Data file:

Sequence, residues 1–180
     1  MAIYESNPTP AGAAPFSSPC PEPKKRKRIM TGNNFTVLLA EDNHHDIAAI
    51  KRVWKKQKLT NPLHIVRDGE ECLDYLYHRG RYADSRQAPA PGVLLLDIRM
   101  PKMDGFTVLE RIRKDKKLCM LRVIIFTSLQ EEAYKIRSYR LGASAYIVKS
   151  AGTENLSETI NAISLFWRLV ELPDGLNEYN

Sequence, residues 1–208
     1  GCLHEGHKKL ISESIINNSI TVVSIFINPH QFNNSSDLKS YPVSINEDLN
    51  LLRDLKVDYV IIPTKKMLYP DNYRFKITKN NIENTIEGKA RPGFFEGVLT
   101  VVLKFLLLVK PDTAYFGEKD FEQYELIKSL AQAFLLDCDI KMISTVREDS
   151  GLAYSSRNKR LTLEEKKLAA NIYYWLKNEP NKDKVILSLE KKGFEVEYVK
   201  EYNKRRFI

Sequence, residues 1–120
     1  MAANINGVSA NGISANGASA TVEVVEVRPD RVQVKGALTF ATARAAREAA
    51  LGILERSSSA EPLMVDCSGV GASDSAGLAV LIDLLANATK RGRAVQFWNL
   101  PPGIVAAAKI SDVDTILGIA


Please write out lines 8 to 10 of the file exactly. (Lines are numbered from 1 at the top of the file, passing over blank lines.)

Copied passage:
    51  LLRDLKVDYV IIPTKKMLYP DNYRFKITKN NIENTIEGKA RPGFFEGVLT
   101  VVLKFLLLVK PDTAYFGEKD FEQYELIKSL AQAFLLDCDI KMISTVREDS
   151  GLAYSSRNKR LTLEEKKLAA NIYYWLKNEP NKDKVILSLE KKGFEVEYVK